I AM UAA: Tim Menard

by Kathleen McCoy  |   

B.S. Electrical Engineering '12
Hometown: Schaumburg, IL
Fun Fact: Is a jazz musician and tinkers with model trains

One look at Tim Menard's CV will give the impression that he's far beyond his years. At just 22, this senior electrical engineering student has kept his undergraduate years packed, conducting important research, publishing papers, winning awards and gaining the attention of leading industry executives.

I AM UAA Tim MenardTim came to UAA from Schaumburg, Ill., a suburb of Chicago. A longtime model train enthusiast, Tim's fascination with the Alaska Railroad ultimately led him to The Last Frontier. "I've wanted to come to Alaska for a long time, ever since I was a little kid," he said. After high school, Tim completed two years at a local community college before deciding to make the move north.

He and his mother attended a preview day at UAA in February 2008 to check out his options. "It was a beautiful winter day; I knew then I was going to come here," Tim said.

Needing to test his independence before leaving home, Tim set off on a backpacking trip across Europe the summer before coming to Anchorage. After arriving home from his adventure, Tim hopped in his Jeep and headed up the Alaska Highway to start his next chapter in Alaska.

"I got up here and just hit the ground running," Tim said. He got involved with USUAA Student Government and helped initiate the group's first legislative luncheon and masquerade ball events. He also played trombone with the UAA Jazz Ensemble and was a member of the Kappa Sigma fraternity.

"I was doing so much that I had to start cutting some things out to concentrate on my studies," he said. He changed his focus and started putting 100 percent of his energy into earning his engineering degree.

A programming class with UAA engineering associate professor Jeffrey Miller required Tim to complete a project to enter into the School of Engineering's semiannual Student Design Competition. His project-a terrain map to determine road incline-led to another idea to monitor the progress of Anchorage's snowplows.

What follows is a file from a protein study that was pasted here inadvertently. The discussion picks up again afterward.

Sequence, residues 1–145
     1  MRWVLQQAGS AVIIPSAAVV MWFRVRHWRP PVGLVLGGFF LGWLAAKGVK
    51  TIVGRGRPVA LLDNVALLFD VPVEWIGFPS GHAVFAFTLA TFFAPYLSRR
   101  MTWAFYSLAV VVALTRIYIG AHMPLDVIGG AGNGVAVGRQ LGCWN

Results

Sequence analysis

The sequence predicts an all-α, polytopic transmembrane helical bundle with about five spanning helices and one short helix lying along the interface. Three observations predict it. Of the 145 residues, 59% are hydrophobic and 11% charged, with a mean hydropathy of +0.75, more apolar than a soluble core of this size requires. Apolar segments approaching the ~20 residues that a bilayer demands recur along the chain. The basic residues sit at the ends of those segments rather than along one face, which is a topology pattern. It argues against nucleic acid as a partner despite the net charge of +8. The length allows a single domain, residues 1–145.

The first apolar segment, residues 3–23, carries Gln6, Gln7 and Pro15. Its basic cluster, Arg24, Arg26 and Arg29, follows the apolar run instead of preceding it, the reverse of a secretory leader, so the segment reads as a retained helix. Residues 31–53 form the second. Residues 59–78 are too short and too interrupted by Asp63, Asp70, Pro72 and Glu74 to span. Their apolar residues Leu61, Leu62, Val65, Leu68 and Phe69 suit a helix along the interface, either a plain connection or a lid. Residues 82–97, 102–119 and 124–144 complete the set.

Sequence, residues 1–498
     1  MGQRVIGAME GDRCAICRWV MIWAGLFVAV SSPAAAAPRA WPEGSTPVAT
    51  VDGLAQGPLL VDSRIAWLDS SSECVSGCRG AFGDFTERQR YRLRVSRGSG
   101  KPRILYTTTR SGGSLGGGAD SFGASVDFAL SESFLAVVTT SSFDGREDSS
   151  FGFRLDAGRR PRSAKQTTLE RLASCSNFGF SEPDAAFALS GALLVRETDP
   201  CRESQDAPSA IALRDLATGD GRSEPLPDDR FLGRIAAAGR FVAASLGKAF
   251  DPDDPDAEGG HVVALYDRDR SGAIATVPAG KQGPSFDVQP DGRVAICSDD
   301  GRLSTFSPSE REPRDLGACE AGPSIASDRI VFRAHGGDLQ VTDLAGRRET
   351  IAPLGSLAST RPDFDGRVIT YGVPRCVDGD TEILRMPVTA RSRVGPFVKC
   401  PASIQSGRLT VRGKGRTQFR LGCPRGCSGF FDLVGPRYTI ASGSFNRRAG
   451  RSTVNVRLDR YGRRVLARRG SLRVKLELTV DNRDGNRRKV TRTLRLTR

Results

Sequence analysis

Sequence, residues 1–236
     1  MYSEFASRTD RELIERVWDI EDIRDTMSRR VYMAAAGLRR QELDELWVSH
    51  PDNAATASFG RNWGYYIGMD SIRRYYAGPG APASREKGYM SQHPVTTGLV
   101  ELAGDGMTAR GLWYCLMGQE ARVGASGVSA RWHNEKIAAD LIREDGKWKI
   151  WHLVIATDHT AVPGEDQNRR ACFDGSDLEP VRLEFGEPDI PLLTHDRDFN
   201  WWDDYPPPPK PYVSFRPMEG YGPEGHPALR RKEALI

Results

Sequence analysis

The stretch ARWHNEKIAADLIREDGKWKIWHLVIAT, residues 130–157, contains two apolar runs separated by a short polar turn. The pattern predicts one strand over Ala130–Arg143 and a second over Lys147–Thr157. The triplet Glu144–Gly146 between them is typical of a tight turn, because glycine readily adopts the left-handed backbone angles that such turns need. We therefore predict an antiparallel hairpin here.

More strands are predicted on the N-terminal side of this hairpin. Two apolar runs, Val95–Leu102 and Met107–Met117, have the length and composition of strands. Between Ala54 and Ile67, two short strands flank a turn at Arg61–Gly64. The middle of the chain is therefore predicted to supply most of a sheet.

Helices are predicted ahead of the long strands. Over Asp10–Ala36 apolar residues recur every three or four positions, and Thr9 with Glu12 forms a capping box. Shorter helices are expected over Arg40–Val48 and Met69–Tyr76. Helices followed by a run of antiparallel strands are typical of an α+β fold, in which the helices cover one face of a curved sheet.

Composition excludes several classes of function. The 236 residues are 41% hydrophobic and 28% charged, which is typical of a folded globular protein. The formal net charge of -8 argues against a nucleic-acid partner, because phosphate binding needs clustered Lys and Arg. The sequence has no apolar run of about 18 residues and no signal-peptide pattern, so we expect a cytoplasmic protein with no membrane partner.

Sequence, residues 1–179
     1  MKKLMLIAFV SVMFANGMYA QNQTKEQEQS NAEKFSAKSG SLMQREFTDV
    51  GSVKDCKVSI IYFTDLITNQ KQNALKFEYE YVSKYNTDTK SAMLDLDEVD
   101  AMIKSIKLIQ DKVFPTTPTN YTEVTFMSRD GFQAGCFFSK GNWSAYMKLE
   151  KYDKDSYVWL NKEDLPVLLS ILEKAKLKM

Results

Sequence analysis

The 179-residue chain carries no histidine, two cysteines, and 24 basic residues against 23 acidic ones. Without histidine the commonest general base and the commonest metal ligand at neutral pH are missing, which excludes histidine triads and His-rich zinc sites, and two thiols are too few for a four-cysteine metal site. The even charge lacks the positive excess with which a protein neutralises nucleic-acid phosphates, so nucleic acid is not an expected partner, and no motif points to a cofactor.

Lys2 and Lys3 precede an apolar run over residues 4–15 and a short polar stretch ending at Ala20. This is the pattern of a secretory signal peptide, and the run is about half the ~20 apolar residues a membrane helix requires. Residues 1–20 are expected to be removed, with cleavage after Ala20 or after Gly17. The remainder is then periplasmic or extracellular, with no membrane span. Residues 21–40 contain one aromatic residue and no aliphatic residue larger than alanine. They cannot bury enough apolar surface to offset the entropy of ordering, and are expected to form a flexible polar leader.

Using traffic simulator software developed by Miller, Tim came up with the idea to design and create devices that would be placed on snowplows in the Anchorage Bowl to track what roads had been plowed and when. The software, FreeSim, enables data from the devices to be available online so people can see if their route has been plowed.

Tim is currently working with UAA's Facilities Department to test his system on the university's snowplows. "If we can show a solid proof of concept, there's a good chance the Municipality of Anchorage will pick up on this," Tim said. Tim and Miller are currently working to obtain a provisional patent for their work.

Tim has also helped develop FreeSim 2.0, an expansion of the original software, which shows real-time traffic of Anchorage. He's also developed two iPhone apps: FreeSim_Mobile and UAA Info, an app for students to quickly gather resources about the university. His FreeSim_Mobile app took first place in the Student Design Competition two times in a row.

Tim's work at UAA has resulted in five published research papers, three of which he is the primary author. His research focuses on software, hardware and network architectures used in mobile and wireless communication within the applications to Intelligent Transportation Systems with an emphasis on Vehicle to Infrastructure and Vehicle-to-Vehicle communication.

Through IEEE, Tim has attended several international conferences. His poster, "Determining Time to Traverse Road Sections Based on Mapping Discrete GPS Vehicle Data to Continuous Flows," earned honorable mention at the IEEE 6th Intelligent Vehicles Symposium in La Jolla, Calif. This distinction was given to only five of 250 posters.

It was his attendance at one conference that changed the course of Tim's life. While at the 2010 IEEE Vehicular Networking Conference in New Jersey, Tim's work piqued the interest of a Toyota executive researcher, who later offered him a prestigious graduate-level internship in Silicon Valley, Calif. During his summer 2011 internship, Tim developed a simulation tool for visualizing vehicular mobility to show how traffic will impact vehicular networks. Impressed by Tim's work, Toyota has expressed a sincere interest in his future, going so far as to offer support for his education upon acceptance to Stanford University.

This emerging innovator says that UAA's classes are challenging and the professors are approachable. "UAA is a small campus and anyone who has an idea can run with it," Tim said. "I wouldn't have had these opportunities anywhere else." Tim plans to pursue his graduate degree upon earning his B.S. in Electrical Engineering from UAA in the spring.

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